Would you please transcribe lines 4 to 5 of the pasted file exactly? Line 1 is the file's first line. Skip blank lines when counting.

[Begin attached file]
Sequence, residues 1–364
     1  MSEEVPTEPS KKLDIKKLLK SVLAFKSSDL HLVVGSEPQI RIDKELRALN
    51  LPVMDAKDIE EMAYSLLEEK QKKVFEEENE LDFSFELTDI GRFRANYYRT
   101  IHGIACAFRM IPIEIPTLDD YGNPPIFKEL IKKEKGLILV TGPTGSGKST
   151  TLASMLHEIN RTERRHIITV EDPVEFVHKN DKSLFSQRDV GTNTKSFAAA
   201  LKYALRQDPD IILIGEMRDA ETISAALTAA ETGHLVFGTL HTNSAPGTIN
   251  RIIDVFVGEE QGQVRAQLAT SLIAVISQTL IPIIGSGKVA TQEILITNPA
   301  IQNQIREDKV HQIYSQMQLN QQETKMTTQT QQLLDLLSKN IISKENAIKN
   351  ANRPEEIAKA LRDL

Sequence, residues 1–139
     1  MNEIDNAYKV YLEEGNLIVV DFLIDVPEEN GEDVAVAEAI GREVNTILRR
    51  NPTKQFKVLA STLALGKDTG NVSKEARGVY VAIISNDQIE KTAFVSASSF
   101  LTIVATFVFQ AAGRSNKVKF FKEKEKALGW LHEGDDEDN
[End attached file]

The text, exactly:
   101  IHGIACAFRM IPIEIPTLDD YGNPPIFKEL IKKEKGLILV TGPTGSGKST
   151  TLASMLHEIN RTERRHIITV EDPVEFVHKN DKSLFSQRDV GTNTKSFAAA